So is the cargo area. The crossover’s descending roofline and forward-arching hatch remove any chance of having serious cargo space, and the remaining area measures just 10.5 cubic feet. Other tiny crossovers, like the Mini Cooper Countryman and Mitsubishi Outlander Sport, beat the figure: The Countryman has 12.2 cubic feet, and the Outlander Sport has more than 20 cubic feet. Hatchbacks like the Fit and Versa are similarly voluminous. Even with the the Juke’s 60/40-split rear seat folded down, its maximum cargo volume of 35.9 cubic feet trails the competition — in some cases by more than 10 cubic feet.

    How It Moves


    Our all-wheel-drive tester had enough power to reach cruising speeds with little struggle, even with three adult occupants on board. On SV and SL models, the Integrated Control system’s three modes — Eco, Normal and Sport — alter the responsiveness of both the accelerator and (if equipped) the CVT automatic.

    The drivetrain personality of each was distinct, particularly between the Eco and Sport extremes. In Eco mode, the CVT automatic transitions slowly to the engine’s stronger revs, resulting in underwhelming takeoffs when the light turns green. (It does allegedly help gas mileage a bit, but Nissan had no estimates as to how much.) Sport mode hastens the transmission quite a bit; I found it punchy enough, though several editors still deemed it unresponsive — especially given the engine’s penchant for brief turbo lag.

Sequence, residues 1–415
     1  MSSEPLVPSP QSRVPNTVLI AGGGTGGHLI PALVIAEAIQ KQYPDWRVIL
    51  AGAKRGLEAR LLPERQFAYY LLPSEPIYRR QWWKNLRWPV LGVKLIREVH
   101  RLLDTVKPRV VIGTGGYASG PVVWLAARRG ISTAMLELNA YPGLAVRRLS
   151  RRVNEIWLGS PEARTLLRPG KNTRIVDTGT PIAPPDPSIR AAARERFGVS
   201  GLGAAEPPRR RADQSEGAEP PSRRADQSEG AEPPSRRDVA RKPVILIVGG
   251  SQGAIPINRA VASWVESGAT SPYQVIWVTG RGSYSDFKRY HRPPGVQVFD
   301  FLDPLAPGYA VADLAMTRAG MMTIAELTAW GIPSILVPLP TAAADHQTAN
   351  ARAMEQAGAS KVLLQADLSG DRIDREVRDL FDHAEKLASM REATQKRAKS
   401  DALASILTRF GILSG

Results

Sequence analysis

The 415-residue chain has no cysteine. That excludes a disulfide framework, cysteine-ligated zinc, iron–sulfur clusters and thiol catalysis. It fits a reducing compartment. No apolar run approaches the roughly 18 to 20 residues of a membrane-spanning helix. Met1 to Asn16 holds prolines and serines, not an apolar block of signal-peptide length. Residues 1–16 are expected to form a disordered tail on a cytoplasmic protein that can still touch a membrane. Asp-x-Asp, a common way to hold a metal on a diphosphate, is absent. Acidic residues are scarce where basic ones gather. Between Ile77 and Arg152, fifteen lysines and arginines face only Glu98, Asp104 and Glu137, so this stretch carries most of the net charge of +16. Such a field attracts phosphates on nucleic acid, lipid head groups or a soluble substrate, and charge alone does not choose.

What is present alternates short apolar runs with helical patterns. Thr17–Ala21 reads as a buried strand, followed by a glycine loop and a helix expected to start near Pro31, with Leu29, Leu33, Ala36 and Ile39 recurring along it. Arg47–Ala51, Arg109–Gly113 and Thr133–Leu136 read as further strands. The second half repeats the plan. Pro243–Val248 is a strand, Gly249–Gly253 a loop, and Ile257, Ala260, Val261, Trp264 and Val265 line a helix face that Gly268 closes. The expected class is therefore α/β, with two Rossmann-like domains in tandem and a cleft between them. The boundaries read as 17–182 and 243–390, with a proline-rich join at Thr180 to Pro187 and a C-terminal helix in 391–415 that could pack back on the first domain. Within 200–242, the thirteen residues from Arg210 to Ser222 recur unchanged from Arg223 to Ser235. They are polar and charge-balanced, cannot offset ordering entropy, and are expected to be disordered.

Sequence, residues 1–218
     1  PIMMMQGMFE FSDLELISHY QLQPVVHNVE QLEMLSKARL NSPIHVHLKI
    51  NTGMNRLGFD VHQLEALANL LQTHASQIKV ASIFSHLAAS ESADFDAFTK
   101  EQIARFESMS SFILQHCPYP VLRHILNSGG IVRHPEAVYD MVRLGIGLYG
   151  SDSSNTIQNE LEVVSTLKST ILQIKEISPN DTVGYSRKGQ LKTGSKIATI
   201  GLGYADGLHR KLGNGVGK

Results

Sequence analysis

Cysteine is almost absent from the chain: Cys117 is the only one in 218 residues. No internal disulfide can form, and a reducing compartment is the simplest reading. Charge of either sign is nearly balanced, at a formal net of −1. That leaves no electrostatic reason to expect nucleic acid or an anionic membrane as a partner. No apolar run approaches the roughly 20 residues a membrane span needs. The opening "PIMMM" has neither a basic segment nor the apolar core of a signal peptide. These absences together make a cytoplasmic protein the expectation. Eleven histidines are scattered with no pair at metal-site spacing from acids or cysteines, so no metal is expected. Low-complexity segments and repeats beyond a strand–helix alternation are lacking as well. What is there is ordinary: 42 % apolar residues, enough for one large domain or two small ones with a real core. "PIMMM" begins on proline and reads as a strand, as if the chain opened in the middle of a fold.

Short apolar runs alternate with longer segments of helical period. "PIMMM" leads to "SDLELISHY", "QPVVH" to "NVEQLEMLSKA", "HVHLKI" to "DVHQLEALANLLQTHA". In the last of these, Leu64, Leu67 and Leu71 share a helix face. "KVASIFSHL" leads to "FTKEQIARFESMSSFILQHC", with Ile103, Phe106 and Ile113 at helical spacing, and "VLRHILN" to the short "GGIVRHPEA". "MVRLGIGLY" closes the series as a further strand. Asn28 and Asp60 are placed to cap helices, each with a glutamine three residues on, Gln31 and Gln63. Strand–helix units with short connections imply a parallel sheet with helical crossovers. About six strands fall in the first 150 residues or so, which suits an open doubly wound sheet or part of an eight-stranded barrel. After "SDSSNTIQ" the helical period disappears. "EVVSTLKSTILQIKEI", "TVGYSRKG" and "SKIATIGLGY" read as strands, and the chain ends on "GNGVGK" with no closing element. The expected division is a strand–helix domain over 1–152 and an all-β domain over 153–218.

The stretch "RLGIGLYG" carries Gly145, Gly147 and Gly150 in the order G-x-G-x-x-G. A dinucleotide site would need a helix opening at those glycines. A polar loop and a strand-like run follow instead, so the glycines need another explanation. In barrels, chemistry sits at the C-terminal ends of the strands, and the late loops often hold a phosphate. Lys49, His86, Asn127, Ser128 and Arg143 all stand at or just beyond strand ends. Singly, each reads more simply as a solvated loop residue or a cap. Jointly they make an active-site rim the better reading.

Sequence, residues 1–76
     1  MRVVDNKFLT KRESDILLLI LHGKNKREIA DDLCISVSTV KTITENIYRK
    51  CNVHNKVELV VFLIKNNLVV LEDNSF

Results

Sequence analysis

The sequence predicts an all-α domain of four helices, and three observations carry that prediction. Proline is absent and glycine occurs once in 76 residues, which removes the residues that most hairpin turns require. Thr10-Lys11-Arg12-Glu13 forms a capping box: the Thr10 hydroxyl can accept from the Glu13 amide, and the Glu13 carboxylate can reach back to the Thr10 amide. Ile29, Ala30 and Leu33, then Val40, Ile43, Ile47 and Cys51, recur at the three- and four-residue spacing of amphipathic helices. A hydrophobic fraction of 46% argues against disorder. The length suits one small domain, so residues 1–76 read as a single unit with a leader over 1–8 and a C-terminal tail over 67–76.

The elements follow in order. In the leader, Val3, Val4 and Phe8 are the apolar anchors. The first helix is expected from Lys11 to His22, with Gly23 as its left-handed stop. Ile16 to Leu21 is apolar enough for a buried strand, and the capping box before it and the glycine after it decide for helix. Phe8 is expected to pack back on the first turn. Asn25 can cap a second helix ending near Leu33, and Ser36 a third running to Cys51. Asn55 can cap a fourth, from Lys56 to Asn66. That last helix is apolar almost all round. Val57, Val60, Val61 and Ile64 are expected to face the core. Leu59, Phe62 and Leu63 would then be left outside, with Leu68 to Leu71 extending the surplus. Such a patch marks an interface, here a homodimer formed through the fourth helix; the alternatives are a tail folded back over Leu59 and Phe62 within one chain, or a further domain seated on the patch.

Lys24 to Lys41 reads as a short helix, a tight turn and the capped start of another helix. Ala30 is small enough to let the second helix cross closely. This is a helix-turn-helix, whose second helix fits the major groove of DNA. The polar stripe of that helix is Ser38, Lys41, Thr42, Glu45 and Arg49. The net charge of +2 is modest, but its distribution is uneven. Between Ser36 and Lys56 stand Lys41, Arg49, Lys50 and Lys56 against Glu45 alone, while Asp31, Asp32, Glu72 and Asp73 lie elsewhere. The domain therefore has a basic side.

The sole engine, a 1.6-liter turbocharged four-cylinder, makes 188 horsepower and 177 pounds-feet of torque. Front-wheel drive trims about 200 pounds off the Juke’s curb weight, which should translate to even better performance.

    That said, many will find the Juke’s ride too harsh. All-wheel-drive models swap the front-drive model’s semi-independent, torsion-beam rear suspension for a fully independent setup, but it delivered poorly cushioned response over riddled pavement. Get on the highway, and the chassis picks up nearly everything going on under the car: expansion joints, grooved pavement and more. Combine that with a lot of noise — road, wind, suspension — and the Juke is a fatiguing car to take on an interstate trip.

    It didn’t need to be this way. Affordable hatchbacks, from the Mazda2 to the Subaru Impreza, offer decent handling and reasonable ride comfort, but the Juke is more one-dimensional. Hard corners do bring noticeable body roll, but it feels less top-heavy than many crossovers. The steering exhibits decent precision, and it’s a well-rounded setup. At lower speeds, the wheel turns with light effort; at higher speeds, it settles in with little power assist and good overall tracking. I noticed little difference between the Integrated Control system’s modes, which allegedly alter power steering assist levels, too.